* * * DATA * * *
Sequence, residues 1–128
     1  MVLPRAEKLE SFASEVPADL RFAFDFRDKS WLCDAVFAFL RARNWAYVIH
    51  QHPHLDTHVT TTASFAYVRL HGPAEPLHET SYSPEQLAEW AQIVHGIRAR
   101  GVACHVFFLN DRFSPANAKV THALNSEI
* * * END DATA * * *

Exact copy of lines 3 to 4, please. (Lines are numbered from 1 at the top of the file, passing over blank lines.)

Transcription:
    51  QHPHLDTHVT TTASFAYVRL HGPAEPLHET SYSPEQLAEW AQIVHGIRAR
   101  GVACHVFFLN DRFSPANAKV THALNSEI